Crown Princess Victoria of Sweden
Crown Princess Victoria of Sweden
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Her 40th birthday celebrations are making headlines across the globe, but just who is Crown Princess Victoria of Sweden?

You may have spotted Princess Victoria in the news after she received some media attention for a recent revealing interview, in which she discusses her past mental health battles. With the traditional Royal reputation being associated with a 'stiff upper lip' it's good to see that Prince Harry and Prince William have been paving the way for others to open up about their mental health struggles.

Crown Princess Victoria was bullied at school because of her dyslexia. "I used to think I was stupid and slow," she recalled in an interview this week. Her father, King Carl XVI Gustaf, is also dyslexic. She assumed royal duties on turning 18, later admitting that the pressure triggered an eating disorder. "I wanted all the time to do and be so much more than I realistically could do, or could be," she revealed.

Princess Victoria moved to the USA to seek treatment for anorexia and study at Yale. Having conquered her eating disorder, she returned to Sweden to complete her studies at Uppsala University. The Crown Princess admits that she continues to struggle with "performance anxiety", however. "I've been given different kinds of tools and learned how to manage it," she reveals.

She does not blame her public role for her difficulties. "There are as many reasons to feel bad as there are people," Princess Victoria asserted this week, citing her concerns about "all the perfect images that are uploaded" on social media. The idea that everything must be "polished" puts undue pressure on young people, she says. "For me, it is important that children be children," she declared. "My parents felt exactly the same about me."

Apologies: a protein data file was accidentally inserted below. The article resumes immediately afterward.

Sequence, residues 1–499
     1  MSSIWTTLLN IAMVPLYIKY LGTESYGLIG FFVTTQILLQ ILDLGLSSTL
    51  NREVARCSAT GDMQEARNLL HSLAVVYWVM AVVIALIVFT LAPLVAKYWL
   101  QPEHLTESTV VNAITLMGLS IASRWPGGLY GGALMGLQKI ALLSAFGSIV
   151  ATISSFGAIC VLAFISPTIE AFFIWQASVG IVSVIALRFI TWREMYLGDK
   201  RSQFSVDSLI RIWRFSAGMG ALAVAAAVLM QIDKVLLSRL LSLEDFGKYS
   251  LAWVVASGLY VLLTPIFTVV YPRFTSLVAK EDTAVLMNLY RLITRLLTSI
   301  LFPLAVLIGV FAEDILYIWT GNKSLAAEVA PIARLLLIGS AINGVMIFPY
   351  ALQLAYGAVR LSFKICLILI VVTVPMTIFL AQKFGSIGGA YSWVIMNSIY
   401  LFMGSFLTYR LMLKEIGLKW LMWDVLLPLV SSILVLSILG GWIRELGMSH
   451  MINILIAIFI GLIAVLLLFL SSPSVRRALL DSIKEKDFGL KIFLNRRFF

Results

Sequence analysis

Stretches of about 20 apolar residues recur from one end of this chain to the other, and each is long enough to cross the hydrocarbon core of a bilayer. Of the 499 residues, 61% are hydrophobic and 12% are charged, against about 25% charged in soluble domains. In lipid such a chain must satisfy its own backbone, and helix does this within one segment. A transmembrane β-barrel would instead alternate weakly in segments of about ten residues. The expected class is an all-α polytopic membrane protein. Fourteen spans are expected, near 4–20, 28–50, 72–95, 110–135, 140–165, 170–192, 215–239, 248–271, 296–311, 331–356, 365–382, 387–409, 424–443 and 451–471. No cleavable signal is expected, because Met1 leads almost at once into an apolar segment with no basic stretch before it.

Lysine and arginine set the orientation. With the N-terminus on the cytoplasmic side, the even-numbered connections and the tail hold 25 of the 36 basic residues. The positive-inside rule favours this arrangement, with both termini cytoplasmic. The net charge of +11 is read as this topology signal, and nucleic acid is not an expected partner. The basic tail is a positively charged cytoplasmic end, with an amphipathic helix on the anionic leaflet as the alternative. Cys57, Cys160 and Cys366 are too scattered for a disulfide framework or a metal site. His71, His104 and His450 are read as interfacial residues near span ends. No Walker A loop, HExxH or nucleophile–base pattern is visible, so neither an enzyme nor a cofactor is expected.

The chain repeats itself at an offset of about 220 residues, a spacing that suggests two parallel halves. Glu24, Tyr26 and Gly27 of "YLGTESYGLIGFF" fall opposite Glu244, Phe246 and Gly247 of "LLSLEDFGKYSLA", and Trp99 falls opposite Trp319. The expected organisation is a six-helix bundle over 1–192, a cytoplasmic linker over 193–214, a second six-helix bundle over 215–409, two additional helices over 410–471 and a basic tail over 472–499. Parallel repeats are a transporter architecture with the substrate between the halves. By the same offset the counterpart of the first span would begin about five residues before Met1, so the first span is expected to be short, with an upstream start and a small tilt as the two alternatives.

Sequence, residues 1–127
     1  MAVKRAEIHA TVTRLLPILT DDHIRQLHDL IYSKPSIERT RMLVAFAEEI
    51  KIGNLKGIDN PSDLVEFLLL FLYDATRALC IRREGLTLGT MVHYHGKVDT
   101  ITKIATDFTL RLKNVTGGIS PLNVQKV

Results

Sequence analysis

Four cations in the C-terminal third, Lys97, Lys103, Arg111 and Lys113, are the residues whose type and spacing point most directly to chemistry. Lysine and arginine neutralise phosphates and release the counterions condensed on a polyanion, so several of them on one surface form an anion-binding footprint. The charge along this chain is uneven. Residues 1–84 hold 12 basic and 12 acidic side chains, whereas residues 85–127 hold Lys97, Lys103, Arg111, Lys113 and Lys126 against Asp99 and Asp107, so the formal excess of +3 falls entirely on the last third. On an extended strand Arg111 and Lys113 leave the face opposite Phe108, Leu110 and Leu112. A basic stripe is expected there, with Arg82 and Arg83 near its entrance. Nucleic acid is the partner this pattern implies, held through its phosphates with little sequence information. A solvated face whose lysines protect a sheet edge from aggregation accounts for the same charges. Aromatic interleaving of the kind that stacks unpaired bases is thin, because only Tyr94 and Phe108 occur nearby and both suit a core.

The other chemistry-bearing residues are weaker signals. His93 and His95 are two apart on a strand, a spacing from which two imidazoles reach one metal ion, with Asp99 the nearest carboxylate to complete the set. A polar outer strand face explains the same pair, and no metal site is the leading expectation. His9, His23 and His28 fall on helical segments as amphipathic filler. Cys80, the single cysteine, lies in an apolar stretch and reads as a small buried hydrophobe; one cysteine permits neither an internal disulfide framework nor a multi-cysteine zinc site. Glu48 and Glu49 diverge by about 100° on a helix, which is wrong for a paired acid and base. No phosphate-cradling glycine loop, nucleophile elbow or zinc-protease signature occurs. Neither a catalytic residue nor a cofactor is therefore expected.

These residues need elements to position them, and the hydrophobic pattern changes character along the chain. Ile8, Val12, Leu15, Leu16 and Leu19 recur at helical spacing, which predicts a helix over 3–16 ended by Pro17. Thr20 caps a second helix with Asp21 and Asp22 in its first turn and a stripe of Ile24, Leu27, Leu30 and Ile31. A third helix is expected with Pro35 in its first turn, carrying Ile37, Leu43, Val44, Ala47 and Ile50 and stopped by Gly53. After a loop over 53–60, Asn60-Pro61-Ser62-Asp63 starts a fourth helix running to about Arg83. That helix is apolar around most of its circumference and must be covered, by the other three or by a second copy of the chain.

Who Is Crown Princess Victoria Of Sweden?

The eldest child of King Carl XVI Gustaf and Queen Silvia of Sweden, Crown Princess Victoria was born at Karolinska University Hospital in Solna on 14th July 1977. She is the great-great-great-granddaughter of Queen Victoria, and first in line to the Swedish throne. If she succeeds to the throne, as expected, she will become Sweden's fourth female regent, and its first since 1720.

Victoria was designated Crown Princess in 1979, becoming heiress apparent to the Swedish throne in 1980, when a Parliamentary change to the Act of Succession introduced the principle of ‘absolute primogeniture', giving the female children of the Swedish Royal Family the same rights of succession as males. This put Princess Victoria ahead of her younger brother, Prince Carl Philip, in line to the Swedish throne. However, her father, King Carl XVI Gustaf, objected to the change, favouring tradition.

Princess Victoria also has a younger sister, Princess Madeleine of Sweden, Duchess of Hälsingland and Gästrikland. The 35-year-old princess is married to British-born American financier Christopher O'Neill.

Crown Princess Victoria married her personal trainer, Daniel Westling, on 19th June 2010, the 34th anniversary of her parents' own marriage, following an 8-year courtship. Westling became Prince Daniel of Sweden, Duke of Västergötland, on joining the Swedish Royal Family. "I think the general idea with the Swedes is that the modern way is to marry someone you love, not necessarily based on where she or he comes from," the Crown Princess asserted ahead of the wedding.

The couple's first child, Princess Estelle, was born on 23rd February 2012, followed by Prince Oscar on 2nd March 2016. The children will join the rest of the Swedish Royal Family in today's birthday celebrations, which began with a Te Deum service in the Royal Chapel at Stockholm Palace, followed by a garden reception at Logården palace. The festivities will continue at the Borgholms IP stadium this evening.

Amy Hunt

Amy Hunt is an experienced digital journalist specialising in homes, interiors and hobbies. She began her career working as the features assistant at woman&home magazine, before moving over to the digital side of the brand where she eventually became the Lifestyle Editor up until January 2022. Amy won the Digital Journalist of the Year award at the AOP Awards in 2019 for her work on